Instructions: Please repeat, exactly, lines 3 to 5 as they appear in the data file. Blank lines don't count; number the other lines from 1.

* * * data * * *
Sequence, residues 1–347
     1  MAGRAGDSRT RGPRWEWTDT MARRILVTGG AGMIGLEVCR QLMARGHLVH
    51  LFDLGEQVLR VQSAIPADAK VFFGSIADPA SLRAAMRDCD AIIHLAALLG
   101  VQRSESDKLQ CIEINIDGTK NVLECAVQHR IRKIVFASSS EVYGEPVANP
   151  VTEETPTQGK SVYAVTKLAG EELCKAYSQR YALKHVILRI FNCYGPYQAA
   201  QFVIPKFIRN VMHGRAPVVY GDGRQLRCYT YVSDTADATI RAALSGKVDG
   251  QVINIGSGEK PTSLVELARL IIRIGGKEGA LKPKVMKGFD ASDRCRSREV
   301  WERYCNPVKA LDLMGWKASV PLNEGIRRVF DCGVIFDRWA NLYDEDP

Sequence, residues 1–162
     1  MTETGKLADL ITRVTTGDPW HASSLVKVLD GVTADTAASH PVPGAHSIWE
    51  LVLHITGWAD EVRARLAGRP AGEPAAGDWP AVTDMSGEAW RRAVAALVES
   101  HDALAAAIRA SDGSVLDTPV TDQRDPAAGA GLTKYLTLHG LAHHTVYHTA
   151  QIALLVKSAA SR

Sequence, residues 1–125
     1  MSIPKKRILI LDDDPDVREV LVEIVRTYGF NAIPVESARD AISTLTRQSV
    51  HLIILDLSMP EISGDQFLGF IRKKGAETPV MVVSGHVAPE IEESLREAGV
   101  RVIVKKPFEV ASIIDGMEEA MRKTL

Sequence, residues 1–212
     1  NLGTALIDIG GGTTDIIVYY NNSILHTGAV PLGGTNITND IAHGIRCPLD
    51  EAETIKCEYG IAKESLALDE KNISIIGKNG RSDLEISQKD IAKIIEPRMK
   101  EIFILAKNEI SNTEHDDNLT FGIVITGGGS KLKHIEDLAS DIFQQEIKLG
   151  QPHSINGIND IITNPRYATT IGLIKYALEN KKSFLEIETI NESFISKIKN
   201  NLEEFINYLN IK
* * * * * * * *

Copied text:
    51  LFDLGEQVLR VQSAIPADAK VFFGSIADPA SLRAAMRDCD AIIHLAALLG
   101  VQRSESDKLQ CIEINIDGTK NVLECAVQHR IRKIVFASSS EVYGEPVANP
   151  VTEETPTQGK SVYAVTKLAG EELCKAYSQR YALKHVILRI FNCYGPYQAA